Un­in­ten­tional he­roes

Two ex­tra­or­di­nary men qui­etly worked to lift oth­ers to free­dom in the face of evil

The Washington Post Sunday - - SUNDAY OPINION - ruth­mar­cus@wash­post.com

Hero­ism tends to be un­der­stood as a mat­ter of public dis­play — the by­stander rac­ing into a burn­ing build­ing, the soldier brav­ing fire to res­cue a com­rade. But there is hero­ism, as well, of a qui­eter, more self-ef­fac­ing va­ri­ety — the un­in­ten­tional hero, quiet but de­ter­mined, who acts in the vac­uum of oth­ers’ com­pla­cency. This is a col­umn about two such in­di­vid­u­als. The first, Ni­cholas Win­ton, died Wed­nes­day at age 106. As a 29-year-old stock­bro­ker in Lon­don, Win­ton was plan­ning to go skiing in Switzer­land in De­cem­ber 1938. In­stead, he went to Prague to help refugees in the just-an­nexed Sude­ten­land. There, he con­fronted an ob­vi­ous ques­tion that lacked an an­swer: “Who’s help­ing the chil­dren?”

So Win­ton ap­pointed him­self. He es­tab­lished— in­vented, ac­tu­ally — a “Chil­dren’s Sec­tion” of the Bri­tish Com­mit­tee for Refugees from Cze­choslo­vakia, named him­self honorary sec­re­tary, and set to work meet­ing par­ents fran­tic to ship their chil­dren to safety, even at the risk of never see­ing them again.

Win­ton ca­joled Bri­tish bu­reau­crats, forged travel doc­u­ments, paid bribes to the Gestapo, and found Bri­tish fam­i­lies will­ing to take in the Jewish chil­dren. In the end, he man­aged to send eight train­loads of chil­dren, 669 in to­tal, from Prague bound for Lon­don. A ninth, with 250 chil­dren on board, was stopped in Prague on Sept. 3, 1939, the day Bri­tain de­clared war on Ger­many. None of those chil­dren was seen again.

Amaz­ingly, Win­ton never men­tioned his work—“just nine months in a very long life,” he said— to any­one. In­clud­ing his wife, Grete, who stum­bled on her hus­band’s se­cret when she found an old scrapbook in the at­tic more than four decades later and in­sisted that the story be told.

“Why did I do it?” Win­ton told the New York Times in 2001. “Why do peo­ple do dif­fer­ent things? Some peo­ple revel in tak­ing risks, and some go through life tak­ing no risks at all.”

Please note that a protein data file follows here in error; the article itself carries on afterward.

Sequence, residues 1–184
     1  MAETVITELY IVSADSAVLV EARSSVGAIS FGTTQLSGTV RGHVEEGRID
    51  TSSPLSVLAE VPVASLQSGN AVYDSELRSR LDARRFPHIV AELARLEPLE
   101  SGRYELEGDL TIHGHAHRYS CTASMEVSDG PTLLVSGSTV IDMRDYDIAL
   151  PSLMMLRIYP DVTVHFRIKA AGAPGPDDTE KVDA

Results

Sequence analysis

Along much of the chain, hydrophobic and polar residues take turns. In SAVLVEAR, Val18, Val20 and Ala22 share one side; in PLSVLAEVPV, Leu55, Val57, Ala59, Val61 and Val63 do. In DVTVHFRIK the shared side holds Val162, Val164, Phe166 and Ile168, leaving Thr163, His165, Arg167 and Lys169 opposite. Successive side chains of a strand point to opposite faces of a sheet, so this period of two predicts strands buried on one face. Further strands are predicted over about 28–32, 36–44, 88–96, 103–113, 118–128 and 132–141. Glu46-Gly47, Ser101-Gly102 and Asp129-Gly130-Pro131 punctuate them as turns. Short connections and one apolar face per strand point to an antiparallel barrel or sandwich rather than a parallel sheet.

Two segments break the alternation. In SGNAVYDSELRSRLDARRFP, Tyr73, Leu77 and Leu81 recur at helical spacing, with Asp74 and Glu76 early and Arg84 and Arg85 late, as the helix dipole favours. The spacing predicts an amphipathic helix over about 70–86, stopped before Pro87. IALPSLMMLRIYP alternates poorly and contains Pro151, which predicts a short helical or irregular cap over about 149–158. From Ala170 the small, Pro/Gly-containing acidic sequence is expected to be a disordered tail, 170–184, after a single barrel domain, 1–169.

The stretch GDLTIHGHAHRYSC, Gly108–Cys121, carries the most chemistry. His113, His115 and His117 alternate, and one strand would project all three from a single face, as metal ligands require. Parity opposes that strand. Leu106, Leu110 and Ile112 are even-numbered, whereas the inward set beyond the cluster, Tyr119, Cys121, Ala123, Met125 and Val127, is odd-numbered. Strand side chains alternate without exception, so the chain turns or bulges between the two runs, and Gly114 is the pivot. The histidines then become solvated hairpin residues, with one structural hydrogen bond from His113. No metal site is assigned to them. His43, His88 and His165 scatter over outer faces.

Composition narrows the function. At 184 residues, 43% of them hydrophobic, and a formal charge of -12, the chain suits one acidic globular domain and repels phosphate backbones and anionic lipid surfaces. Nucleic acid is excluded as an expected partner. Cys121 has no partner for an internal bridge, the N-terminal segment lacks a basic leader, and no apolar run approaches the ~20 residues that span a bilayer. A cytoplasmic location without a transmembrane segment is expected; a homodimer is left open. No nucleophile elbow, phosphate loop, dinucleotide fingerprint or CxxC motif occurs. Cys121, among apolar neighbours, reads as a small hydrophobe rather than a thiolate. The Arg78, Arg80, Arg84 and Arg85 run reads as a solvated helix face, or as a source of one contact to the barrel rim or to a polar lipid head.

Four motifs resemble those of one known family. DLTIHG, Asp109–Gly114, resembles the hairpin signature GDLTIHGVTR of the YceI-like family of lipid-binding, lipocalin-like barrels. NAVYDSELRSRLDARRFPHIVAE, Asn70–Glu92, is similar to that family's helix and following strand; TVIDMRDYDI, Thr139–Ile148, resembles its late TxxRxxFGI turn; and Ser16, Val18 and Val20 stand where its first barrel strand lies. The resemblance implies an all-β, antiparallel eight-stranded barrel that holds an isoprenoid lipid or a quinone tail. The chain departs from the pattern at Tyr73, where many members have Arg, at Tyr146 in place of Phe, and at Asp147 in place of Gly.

It was not sim­ply will­ing­ness to take risks but un­will­ing­ness to give up. “I work on the motto that if some­thing’s not im­pos­si­ble, there must be a way to do it,” Win­ton told CBS’s “60Min­utes.”

The sec­ond hero of this col­umn may never for­give me for au­da­ciously link­ing him with the first. He is David Bradley, the owner of the media com­pany that pub­lishes the At­lantic, and— full dis­clo­sure— both a friend and a bene­fac­tor: I am for­tu­nate to be among a group of jour­nal­ists whom Bradley has wel­comed to his home for off-the-record din­ners with public fig­ures.

This week’s is­sue of the New Yorker mag­a­zine fea­tures a mes­mer­iz­ing ac­count by Lawrence Wright of Bradley’s be­hind-the-scenes ef­forts to help free Amer­i­cans kid­napped in Syria. Trag­i­cally, Bradley’s ef­forts were less suc­cess­ful than Win­ton’s; four of the five hostages he sought to save were even­tu­ally killed.

Yet there are telling par­al­lels be­tween the two en­deav­ors. As with Win­ton, Bradley’s in­volve­ment was both ac­ci­den­tal and self-im­pelled. As with Win­ton, it il­lus­trates the power of in­di­vid­ual per­se­ver­ance in the face not only of evil, but of bu­reau­cratic ob­sta­cles and in­dif­fer­ence.

Bradley’s ef­fort be­gan ear­lier, in 2011, be­fore the wave of kid­nap­pings, when free­lancer Clare Gil­lis, who had con­trib­uted to the At­lantic’s Web site, was cap­tured in Libya along with two other re­porters.

The ab­duc­tion was not ob­vi­ously Bradley’s prob­lem — af­ter all, Gil­lis wasn’t his em­ployee — but the U.S. gov­ern­ment was not in­volved in ne­go­ti­at­ing the jour­nal­ists’ re­turn. So Bradley, who made his for­tune as a man­age­ment con­sul­tant, got to work, draw­ing con­cen­tric cir­cles on his of­fice white­board to puz­zle out who could help se­cure Gil­lis’s free­dom.

Among the re­porters freed with her was James Fo­ley. And when Fo­ley was kid­napped again, in Syria in 2012, Bradley once more vol­un­teered his ser­vices in what be­came an ex­pen­sive, time-con­sum­ing and ul­ti­mately heart­break­ing en­deavor.

Why did he do it? His ex­pla­na­tion com­bines Win­to­nian de­ter­mi­na­tion with cor­po­rate cost-ben­e­fit anal­y­sis. When At­lantic writer Jeffrey Gold­berg pressed his boss on why he was pur­su­ing this mis­sion, Wright re­ports, Bradley an­swered: “When I wake in the morn­ing, I could study online advertising pat­terns— or I could try in some way to save the lives of Amer­i­cans who are held by fa­nat­ics. When I looked at the op­tions in front of me, it was ob­vi­ous what was the best use ofmy time.”

Few of us have Win­ton’s or Bradley’s ca­pac­ity for en­er­getic de­ter­mi­na­tion; even fewer, their fi­nan­cial re­sources. But their ex­am­ples prod us all to ask: How can we achieve that which is not im­pos­si­ble? What is the best use of our time?


Ni­cholas Win­ton, in an un­dated fam­ily pho­to­graph, with one of the chil­dren he res­cued dur­ing theHolo­caust.


Jour­nal­ist James Fo­ley in Aleppo, Syria, in 2012.

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